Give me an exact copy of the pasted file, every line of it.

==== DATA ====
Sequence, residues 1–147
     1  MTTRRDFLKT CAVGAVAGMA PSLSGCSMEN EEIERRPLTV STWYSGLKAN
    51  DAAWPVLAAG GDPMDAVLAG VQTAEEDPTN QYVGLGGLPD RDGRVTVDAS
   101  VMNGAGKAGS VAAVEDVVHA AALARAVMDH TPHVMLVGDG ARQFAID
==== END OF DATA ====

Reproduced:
Sequence, residues 1–147
     1  MTTRRDFLKT CAVGAVAGMA PSLSGCSMEN EEIERRPLTV STWYSGLKAN
    51  DAAWPVLAAG GDPMDAVLAG VQTAEEDPTN QYVGLGGLPD RDGRVTVDAS
   101  VMNGAGKAGS VAAVEDVVHA AALARAVMDH TPHVMLVGDG ARQFAID